Chapter 6

# Implied volatility and volatility smiles

Recall the Black and Scholes (1973) formula for a European call option in its simplest form,

$\begin{array}{l}\begin{array}{cc}C\left(t\right)=X\left(t\right)\mathcal{N}\left({h}_{1}\right)-K{e}^{-r\left(T-t\right)}\mathcal{N}\left({h}_{2}\right)& \left(6.1\right)\end{array}\hfill \\ \text{}\text{}\text{}\text{}\text{}\text{}\text{}\text{}\text{}\text{}\text{}\text{}\text{}{h}_{1,2}=\frac{\text{ln}\frac{X\left(t\right)}{K}-r\left(T-t\right)\pm \frac{1}{2}{\sigma}_{X}^{2}\left(T-t\right)}{{\sigma}_{X}\sqrt{T-t}}\hfill \end{array}$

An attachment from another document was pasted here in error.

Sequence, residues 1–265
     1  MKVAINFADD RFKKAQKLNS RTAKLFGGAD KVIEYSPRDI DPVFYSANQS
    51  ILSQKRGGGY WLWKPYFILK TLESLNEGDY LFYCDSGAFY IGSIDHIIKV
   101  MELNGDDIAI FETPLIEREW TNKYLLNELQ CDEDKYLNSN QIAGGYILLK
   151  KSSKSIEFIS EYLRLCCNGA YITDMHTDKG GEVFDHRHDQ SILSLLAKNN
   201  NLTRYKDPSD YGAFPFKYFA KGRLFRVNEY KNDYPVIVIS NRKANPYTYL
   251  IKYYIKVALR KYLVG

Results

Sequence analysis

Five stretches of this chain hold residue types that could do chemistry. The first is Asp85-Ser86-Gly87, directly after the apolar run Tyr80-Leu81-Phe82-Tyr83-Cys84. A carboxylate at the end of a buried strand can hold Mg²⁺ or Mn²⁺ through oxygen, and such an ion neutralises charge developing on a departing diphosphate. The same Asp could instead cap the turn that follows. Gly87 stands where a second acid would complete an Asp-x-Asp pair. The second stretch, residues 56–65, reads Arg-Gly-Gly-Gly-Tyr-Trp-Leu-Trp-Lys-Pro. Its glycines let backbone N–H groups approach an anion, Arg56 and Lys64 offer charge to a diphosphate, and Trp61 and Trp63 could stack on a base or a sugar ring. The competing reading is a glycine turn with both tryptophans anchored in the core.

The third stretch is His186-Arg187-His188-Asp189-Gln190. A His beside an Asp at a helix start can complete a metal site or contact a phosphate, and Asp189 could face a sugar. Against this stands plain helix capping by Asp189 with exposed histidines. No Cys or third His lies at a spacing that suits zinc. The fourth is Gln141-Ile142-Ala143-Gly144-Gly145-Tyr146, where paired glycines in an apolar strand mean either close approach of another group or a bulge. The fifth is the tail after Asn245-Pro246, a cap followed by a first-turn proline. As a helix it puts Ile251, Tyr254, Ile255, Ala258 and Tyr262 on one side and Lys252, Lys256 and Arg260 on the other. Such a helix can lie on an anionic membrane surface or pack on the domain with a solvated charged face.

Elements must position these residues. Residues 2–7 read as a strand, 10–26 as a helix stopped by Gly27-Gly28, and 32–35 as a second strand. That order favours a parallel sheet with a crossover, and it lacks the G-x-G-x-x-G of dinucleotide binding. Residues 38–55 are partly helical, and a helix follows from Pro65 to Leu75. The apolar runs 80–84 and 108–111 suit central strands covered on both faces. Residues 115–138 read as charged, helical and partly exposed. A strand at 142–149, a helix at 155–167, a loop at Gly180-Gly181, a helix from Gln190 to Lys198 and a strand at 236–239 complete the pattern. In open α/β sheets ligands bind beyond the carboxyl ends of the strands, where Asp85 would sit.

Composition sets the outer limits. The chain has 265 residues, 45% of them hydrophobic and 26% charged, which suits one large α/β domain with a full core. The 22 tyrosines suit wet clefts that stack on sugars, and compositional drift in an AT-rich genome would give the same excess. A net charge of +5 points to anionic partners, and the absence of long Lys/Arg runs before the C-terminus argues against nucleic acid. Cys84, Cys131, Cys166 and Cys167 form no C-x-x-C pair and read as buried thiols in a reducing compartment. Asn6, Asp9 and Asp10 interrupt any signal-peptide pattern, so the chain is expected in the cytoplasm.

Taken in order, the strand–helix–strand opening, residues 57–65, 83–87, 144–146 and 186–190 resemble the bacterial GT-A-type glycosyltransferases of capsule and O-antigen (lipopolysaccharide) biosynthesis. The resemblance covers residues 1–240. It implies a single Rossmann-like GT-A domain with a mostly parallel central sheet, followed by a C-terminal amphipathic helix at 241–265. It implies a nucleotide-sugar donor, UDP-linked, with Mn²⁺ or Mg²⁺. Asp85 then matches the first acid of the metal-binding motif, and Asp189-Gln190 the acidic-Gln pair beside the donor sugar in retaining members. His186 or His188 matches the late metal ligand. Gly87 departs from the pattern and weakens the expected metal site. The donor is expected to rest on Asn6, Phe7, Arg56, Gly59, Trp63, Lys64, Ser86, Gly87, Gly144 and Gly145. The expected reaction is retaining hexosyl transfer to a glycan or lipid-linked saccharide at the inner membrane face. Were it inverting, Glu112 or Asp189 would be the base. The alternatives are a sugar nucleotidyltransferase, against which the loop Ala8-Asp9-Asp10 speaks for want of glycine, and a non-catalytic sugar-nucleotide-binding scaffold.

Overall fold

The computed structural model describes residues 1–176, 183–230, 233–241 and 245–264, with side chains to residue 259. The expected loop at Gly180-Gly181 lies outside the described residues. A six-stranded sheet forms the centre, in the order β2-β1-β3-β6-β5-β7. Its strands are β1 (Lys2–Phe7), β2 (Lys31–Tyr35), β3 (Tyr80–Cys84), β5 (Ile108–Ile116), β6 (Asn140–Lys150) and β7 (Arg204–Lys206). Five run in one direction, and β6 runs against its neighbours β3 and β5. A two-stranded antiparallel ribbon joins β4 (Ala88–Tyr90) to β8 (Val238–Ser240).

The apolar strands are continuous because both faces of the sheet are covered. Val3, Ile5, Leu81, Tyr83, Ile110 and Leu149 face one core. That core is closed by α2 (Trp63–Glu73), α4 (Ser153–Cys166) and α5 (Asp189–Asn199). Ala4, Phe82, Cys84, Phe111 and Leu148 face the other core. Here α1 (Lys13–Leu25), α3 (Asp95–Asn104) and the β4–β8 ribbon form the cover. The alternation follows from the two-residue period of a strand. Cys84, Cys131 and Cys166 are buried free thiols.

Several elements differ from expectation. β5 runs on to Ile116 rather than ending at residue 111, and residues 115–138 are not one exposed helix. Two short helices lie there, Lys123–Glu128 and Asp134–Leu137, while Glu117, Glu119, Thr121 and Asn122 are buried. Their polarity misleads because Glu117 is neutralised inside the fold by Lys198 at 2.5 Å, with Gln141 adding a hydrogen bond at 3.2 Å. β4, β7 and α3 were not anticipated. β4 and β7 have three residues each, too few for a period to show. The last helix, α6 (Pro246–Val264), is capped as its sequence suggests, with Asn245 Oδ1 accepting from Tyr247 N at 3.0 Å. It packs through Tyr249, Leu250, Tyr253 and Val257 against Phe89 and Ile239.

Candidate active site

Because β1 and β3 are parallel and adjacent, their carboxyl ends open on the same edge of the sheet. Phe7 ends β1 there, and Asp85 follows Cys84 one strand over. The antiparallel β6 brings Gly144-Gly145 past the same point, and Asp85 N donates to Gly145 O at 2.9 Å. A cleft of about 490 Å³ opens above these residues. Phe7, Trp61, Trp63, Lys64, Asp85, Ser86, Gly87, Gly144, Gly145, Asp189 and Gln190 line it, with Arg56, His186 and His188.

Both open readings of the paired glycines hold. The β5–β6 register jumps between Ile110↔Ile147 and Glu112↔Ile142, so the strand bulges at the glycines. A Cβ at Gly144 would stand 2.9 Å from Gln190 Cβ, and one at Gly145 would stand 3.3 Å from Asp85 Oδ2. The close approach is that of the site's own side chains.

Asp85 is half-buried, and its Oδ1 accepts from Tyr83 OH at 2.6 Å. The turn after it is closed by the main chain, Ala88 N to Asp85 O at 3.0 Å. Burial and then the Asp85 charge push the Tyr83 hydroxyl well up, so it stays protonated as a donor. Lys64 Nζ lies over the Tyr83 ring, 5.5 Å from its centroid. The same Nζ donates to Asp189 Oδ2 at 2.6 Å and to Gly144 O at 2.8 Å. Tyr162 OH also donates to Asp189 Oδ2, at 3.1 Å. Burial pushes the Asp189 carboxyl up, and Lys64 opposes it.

on a non-dividend–paying asset X(t) with constant (scalar) volatility σX, strike K, time to maturity T − t and constant continuously compounded risk– free interest rate r. K and T − t are specified in the option contract, and X(t) and r can be assumed to be observable in the market.1 Only the volatility σX is not directly observable. In the absence of any other market information, a simple approach would be to estimate it as the annualised standard deviation of past logarithmic returns of the underlying asset. However, ...

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